The specification is available at:

An HTML-formatted version is also available at:

The OpenID Connect Back-Channel Logout specification should be updated soon (after the US Thanksgiving holiday) to utilize the simplified SET syntax. Happy Thanksgiving, everyone!

November 13, 2016
“amr” Values specification addressing area director comments

OAuth logoDraft -04 of the Authentication Method Reference Values specification addresses comments by our security area director Kathleen Moriarty. Changes were:

  • Added “amr” claim examples with both single and multiple values.
  • Clarified that the actual credentials referenced are not part of this specification to avoid additional privacy concerns for biometric data.
  • Clarified that the OAuth 2.0 Threat Model [RFC6819] applies to applications using this specification.

The specification is available at:

An HTML-formatted version is also available at:

October 14, 2016
“amr” Values specification addressing shepherd comments

OAuth logoDraft -03 of the Authentication Method Reference Values specification addresses the shepherd comments. It changes the references providing information about specific “amr” values to be informative, rather than normative. A reference to ISO/IEC 29115 was also added. No normative changes were made.

The specification is available at:

An HTML-formatted version is also available at:

September 9, 2016
“amr” Values specification addressing WGLC comments

OAuth logoDraft -02 of the Authentication Method Reference Values specification addresses the Working Group Last Call (WGLC) comments received. It adds an example to the multiple-channel authentication description and moves the “amr” definition into the introduction. No normative changes were made.

The specification is available at:

An HTML-formatted version is also available at:

August 3, 2016
OAuth Metadata Specifications Enhanced

OAuth logoThe existing OAuth 2.0 Authorization Server Metadata specification has now been joined by a related OAuth 2.0 Protected Resource Metadata specification. This means that JSON metadata formats are now defined for all the OAuth 2.0 parties: clients, authorization servers, and protected resources.

The most significant addition to the OAuth 2.0 Authorization Server Metadata specification is enabling signed metadata, represented as claims in a JSON Web Token (JWT). This is analogous to the role that the Software Statement plays in OAuth Dynamic Client Registration. Signed metadata can also be used for protected resource metadata.

For use cases in which the set of protected resources used with an authorization server are enumerable, the authorization server metadata specification now defines the “protected_resources” metadata value to list them. Likewise, the protected resource metadata specification defines an “authorization_servers” metadata value to list the authorization servers that can be used with a protected resource, for use cases in which those are enumerable.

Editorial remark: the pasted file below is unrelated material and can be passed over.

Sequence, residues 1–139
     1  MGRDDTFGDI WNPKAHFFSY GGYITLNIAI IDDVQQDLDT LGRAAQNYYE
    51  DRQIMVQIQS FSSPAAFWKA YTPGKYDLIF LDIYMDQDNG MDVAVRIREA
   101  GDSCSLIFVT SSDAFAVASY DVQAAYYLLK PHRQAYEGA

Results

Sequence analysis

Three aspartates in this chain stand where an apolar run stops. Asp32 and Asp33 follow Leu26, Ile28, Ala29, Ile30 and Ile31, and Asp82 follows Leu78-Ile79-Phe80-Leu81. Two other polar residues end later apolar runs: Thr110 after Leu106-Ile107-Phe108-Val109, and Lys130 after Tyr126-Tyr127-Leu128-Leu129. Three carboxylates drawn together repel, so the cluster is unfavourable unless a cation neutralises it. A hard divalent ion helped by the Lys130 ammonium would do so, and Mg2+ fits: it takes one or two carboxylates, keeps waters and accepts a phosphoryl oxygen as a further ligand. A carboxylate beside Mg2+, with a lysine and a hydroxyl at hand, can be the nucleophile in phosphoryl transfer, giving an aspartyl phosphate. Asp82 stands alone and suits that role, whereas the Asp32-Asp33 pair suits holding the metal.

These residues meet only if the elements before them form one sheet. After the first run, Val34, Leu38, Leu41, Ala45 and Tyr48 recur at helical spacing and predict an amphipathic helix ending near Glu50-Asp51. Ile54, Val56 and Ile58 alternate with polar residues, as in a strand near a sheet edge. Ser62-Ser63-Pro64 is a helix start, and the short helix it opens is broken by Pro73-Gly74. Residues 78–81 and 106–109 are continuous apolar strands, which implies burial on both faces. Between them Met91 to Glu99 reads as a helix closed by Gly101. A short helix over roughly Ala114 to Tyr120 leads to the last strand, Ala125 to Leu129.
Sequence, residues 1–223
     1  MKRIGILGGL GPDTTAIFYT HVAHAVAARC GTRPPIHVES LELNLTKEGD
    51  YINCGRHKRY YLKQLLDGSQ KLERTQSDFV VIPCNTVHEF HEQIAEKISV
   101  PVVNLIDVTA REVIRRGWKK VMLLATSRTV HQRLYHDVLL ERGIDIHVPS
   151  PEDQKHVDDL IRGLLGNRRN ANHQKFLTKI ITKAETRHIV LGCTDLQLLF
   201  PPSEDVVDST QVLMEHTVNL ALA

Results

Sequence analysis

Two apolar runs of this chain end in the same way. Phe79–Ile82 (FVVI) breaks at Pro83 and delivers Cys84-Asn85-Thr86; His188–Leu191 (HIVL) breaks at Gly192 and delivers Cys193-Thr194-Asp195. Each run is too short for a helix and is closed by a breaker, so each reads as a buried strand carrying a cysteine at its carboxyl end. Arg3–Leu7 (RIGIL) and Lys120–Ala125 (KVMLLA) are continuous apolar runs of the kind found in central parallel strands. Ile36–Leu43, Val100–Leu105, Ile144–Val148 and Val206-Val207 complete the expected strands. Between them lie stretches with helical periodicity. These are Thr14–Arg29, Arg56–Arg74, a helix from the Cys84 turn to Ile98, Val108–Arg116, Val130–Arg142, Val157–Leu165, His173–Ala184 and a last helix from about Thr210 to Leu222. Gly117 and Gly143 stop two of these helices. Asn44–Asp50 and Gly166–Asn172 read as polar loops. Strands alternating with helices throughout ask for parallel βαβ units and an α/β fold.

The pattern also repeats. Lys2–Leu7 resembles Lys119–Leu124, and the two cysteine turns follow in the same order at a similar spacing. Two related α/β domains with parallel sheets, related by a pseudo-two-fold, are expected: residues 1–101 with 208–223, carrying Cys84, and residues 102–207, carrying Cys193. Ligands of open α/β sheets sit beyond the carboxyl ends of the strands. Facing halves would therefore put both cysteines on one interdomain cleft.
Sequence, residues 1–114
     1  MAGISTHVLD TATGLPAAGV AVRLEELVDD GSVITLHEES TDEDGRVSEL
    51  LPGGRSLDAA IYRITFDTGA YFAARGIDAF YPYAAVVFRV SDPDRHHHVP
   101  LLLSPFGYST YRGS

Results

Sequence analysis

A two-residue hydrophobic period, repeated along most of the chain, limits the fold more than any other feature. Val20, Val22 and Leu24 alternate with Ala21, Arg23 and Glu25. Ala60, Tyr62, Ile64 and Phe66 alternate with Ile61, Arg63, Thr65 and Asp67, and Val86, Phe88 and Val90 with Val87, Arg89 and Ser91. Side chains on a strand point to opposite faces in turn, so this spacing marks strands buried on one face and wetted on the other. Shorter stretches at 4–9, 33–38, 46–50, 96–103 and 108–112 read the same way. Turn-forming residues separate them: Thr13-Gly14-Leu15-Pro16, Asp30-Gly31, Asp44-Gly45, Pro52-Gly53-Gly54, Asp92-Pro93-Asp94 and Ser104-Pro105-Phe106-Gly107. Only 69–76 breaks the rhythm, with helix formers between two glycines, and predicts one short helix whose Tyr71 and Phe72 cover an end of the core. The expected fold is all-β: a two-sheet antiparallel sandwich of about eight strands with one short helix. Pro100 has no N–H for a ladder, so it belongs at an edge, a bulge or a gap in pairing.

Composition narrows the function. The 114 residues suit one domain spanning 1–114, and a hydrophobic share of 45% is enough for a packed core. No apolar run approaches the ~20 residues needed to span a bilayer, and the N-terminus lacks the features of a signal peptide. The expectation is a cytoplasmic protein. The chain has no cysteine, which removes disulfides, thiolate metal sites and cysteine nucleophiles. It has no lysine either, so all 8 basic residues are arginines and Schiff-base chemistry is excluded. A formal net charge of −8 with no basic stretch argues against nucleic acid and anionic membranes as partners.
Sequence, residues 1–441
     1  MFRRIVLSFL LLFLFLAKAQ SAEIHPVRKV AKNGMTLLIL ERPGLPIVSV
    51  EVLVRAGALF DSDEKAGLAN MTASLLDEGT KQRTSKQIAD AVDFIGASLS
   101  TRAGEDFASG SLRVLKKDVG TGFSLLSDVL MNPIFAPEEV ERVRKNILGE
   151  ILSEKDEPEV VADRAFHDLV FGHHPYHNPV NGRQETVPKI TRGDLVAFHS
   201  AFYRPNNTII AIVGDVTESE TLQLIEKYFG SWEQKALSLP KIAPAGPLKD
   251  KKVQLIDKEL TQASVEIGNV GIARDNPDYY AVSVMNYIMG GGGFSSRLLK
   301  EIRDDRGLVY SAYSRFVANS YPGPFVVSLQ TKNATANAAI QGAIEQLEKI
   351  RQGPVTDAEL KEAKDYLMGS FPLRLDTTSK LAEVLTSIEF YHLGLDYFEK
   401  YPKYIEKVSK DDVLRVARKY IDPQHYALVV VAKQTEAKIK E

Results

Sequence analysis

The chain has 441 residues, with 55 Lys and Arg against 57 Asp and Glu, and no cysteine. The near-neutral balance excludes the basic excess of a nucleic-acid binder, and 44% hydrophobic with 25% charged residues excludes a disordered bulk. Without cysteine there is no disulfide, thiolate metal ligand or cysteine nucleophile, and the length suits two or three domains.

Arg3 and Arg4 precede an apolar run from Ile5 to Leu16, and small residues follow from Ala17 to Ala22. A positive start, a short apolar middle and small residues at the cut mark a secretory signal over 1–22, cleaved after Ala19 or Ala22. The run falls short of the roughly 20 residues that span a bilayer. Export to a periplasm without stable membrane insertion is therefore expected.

The specifications are available at:

HTML-formatted versions are also available at:

July 8, 2016
“amr” Values specification distinguishing between iris and retina scan biometrics

OAuth logoThis draft distinguishes between iris and retina scan biometrics, as requested by NIST, and adds a paragraph providing readers more context at the end of the introduction, which was requested by the chairs during the call for adoption. The OpenID Connect MODRNA Authentication Profile 1.0 specification, which uses “amr” values defined by this specification, is now also referenced.

The specification is available at:

An HTML formatted version is also available at:

July 4, 2016
Token Binding for Access Tokens, Refresh Tokens, and ID Tokens

IETF logoTwo new related specifications define syntax and semantics for applying Token Binding to OAuth Access Tokens and Refresh Tokens and to OpenID Connect ID Tokens. draft-jones-oauth-token-binding contains the OAuth portions. openid-connect-token-bound-authentication-1_0 contains the OpenID Connect portions.

These are being submitted now to hopefully enable end-to-end implementations and interop testing of Token Bound Access Tokens, Refresh Tokens, and ID Tokens across multiple platforms before the Token Binding specifications are finalized.

The OAuth specification is available at:

The OpenID Connect specification is available at:

Thanks to Andrei Popov, Yordan Rouskov, John Bradley, and Brian Campbell for reviews of earlier versions of these specifications and to Dirk Balfanz and William Denniss for some earlier discussions providing input to these specifications.

April 6, 2016
Proof-of-Possession Key Semantics for JSON Web Tokens (JWTs) is now RFC 7800

IETF logoThe Proof-of-Possession Key Semantics for JSON Web Tokens (JWTs) specification is now RFC 7800 – an IETF standard. The abstract describes the specification as:

This specification describes how to declare in a JSON Web Token (JWT) that the presenter of the JWT possesses a particular proof-of-possession key and how the recipient can cryptographically confirm proof of possession of the key by the presenter. Being able to prove possession of a key is also sometimes described as the presenter being a holder-of-key.

Thanks to John Bradley, Hannes Tschofenig, and the OAuth working group for their work on this specification.

March 4, 2016
OAuth 2.0 Token Exchange draft -04

OAuth logoA new draft of “OAuth 2.0 Token Exchange” has been published addressing review comments on the prior draft. The changes from -03 are listed here:

The specification is available at:

An HTML-formatted version is also available at:

Thanks to Brian Campbell for doing most of the edits for this release.